Why mental health matters in security

The resulting impact on security professionals is increasingly severe. Research shows that over half have experienced negative emotions because of excessive work, including depression, anger and anxiety. A similar number have had sleepless nights over the past year, and over two-fifths have dreaded going into work. Half feel ready to throw in the towel.

This is unsustainable. A security function where half of the team is on the verge of quitting and many others are calling in sick creates an inevitable cycle of stress, staff shortages and greater risk exposure. Unmanaged anxiety and stress can also negatively impact memory retention and decision making. And it’s unlikely that the brightest and best young talent - a generation where work-life balance is of primary importance - will want to join this type of strained working environment.

Relieving the pressure

The good news is that there’s plenty we can do as an industry to help alleviate these pressures. But at the same time there’s no quick fix. Start with skills shortages. By widening the net and encouraging more neuro diverse talent into the SOC area, employers can help to alleviate hiring challenges. More thought should also be put into making the SOC a career destination in its own right, rather than a jumping-off point. That will help encourage greater retention, and a blend of experienced SecOps professionals and new blood.

Next, follow a threat-led test and learn model to move the organization to a more proactive, strategic approach with clearly defined security priorities. AI and better automation can also help eliminate repetitive, manual processes and prioritising alerts for analysts. This will enhance productivity and free-up analyst time to focus on more rewarding, high-value work.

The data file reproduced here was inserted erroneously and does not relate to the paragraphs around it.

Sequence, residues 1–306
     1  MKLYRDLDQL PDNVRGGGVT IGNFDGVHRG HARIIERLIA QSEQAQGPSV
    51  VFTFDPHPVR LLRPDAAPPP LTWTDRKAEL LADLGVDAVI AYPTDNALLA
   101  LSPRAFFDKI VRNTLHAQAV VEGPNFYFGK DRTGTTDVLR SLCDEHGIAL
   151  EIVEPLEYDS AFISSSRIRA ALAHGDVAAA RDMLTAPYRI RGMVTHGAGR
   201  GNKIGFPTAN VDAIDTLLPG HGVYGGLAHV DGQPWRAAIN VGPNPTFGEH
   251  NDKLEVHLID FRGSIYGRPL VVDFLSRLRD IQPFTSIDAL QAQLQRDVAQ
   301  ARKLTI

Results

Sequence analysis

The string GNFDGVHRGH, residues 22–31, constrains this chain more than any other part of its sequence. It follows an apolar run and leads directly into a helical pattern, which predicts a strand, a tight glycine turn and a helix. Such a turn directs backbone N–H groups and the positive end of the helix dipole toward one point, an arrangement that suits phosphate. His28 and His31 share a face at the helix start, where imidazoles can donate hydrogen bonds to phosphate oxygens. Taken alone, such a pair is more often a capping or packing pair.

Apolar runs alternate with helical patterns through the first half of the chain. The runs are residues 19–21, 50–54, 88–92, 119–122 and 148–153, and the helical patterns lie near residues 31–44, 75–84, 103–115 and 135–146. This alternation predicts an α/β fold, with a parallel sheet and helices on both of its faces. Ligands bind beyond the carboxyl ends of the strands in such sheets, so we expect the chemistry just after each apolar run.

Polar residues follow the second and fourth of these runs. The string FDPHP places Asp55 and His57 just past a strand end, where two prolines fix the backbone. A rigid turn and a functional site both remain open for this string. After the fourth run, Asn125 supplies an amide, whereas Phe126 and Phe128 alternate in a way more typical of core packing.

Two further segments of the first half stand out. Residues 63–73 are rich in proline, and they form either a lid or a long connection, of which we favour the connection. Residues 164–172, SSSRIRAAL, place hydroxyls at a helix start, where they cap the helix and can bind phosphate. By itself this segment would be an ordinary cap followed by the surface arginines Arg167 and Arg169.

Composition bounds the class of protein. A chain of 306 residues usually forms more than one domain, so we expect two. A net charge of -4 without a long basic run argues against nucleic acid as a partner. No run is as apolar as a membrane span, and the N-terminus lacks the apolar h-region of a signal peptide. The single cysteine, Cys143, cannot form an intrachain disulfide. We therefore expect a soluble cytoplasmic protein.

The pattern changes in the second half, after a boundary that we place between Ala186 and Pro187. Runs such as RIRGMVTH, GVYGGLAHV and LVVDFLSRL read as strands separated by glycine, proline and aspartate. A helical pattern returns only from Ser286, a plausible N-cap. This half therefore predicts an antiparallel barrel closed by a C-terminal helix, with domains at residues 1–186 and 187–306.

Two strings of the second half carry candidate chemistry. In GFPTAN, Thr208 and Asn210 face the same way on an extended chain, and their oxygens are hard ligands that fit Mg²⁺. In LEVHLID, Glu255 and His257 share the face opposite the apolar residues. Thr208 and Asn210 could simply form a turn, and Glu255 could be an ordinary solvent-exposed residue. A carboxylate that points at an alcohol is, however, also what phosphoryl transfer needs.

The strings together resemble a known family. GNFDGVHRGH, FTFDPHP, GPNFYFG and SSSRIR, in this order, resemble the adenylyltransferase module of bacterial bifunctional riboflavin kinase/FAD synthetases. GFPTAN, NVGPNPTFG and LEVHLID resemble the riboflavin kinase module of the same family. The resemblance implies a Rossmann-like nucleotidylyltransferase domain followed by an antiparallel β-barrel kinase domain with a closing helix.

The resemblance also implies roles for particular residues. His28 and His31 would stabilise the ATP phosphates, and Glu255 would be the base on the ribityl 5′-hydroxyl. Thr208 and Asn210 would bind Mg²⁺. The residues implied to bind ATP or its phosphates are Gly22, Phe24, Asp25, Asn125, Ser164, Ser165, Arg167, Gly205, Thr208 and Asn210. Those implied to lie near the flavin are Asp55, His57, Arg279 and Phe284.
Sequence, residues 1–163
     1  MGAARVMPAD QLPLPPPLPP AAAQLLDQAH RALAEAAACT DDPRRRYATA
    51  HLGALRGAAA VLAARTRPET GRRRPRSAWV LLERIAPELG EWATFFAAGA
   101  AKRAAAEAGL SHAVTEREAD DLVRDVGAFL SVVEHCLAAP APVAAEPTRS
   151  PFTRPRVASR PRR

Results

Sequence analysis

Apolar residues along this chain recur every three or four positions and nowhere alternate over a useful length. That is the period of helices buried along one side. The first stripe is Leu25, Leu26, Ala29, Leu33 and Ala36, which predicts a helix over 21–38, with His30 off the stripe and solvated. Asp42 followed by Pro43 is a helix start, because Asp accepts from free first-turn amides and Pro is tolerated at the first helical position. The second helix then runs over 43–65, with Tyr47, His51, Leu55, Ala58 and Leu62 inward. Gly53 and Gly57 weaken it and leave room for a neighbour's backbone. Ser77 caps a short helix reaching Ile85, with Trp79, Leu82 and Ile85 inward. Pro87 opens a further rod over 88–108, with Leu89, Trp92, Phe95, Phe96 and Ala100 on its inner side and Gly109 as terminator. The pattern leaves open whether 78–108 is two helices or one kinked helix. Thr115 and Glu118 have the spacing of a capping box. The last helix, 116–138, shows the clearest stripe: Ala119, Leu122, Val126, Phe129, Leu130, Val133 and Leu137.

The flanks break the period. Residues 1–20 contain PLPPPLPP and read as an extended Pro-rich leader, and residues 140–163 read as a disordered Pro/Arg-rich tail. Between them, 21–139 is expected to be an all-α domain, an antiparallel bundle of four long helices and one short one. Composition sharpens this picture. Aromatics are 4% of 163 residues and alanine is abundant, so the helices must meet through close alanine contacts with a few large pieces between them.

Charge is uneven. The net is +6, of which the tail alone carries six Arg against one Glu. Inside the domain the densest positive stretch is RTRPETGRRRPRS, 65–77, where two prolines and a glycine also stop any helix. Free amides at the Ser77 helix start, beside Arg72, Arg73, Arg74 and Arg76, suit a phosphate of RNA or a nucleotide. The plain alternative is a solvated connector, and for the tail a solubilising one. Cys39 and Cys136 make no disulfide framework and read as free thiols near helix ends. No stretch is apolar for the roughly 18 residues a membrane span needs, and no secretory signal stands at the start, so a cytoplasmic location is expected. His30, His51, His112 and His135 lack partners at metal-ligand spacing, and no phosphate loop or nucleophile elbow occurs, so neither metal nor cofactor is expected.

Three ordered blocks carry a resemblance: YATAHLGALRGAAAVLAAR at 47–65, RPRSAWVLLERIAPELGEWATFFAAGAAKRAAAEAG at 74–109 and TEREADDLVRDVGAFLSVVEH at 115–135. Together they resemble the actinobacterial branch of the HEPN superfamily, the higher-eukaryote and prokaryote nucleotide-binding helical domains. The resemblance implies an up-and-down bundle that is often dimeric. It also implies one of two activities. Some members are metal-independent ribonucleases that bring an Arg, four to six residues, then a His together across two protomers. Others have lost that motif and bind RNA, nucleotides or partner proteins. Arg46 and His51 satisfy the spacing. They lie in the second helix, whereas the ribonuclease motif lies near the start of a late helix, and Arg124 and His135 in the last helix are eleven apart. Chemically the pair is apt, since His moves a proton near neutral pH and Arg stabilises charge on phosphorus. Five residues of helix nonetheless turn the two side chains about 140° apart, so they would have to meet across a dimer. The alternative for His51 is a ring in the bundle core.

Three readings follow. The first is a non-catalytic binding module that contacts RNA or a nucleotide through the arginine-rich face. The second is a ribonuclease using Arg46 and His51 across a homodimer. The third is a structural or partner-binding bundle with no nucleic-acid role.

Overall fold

Finally, organizations need to think about cultural change. Security is still viewed myopically as the sole responsibility of the CISO. Yet what happens if a board fails to sign-off on new tools or process changes per the CISO’s request, leading to a breach? Who is responsible then? The reality in this situation is that the Board themselves are accepting the risks outlined by the CISO and ultimately accountable for any breach as a result of failing to invest. The truth is that every staff member across the organization should come to see themselves as a quasi-security professional—invested in the benefits of getting security right and aware of the dangers of doing it poorly. This would elevate the role of the security function within the organization and, perhaps in time, lead to earlier engagement in business initiatives. When security is addressed in projects early on, it minimises the chances of reactive firefighting later down the line.

It's likely to be a long road ahead. But with the mental and physical wellbeing of hard-working security professionals at risk, the journey must start now.

The author

By Steve Cottrell, EMEA CTO at Vectra.

Useful resources for security professionals who are feeling the pressure or struggling with mental health include: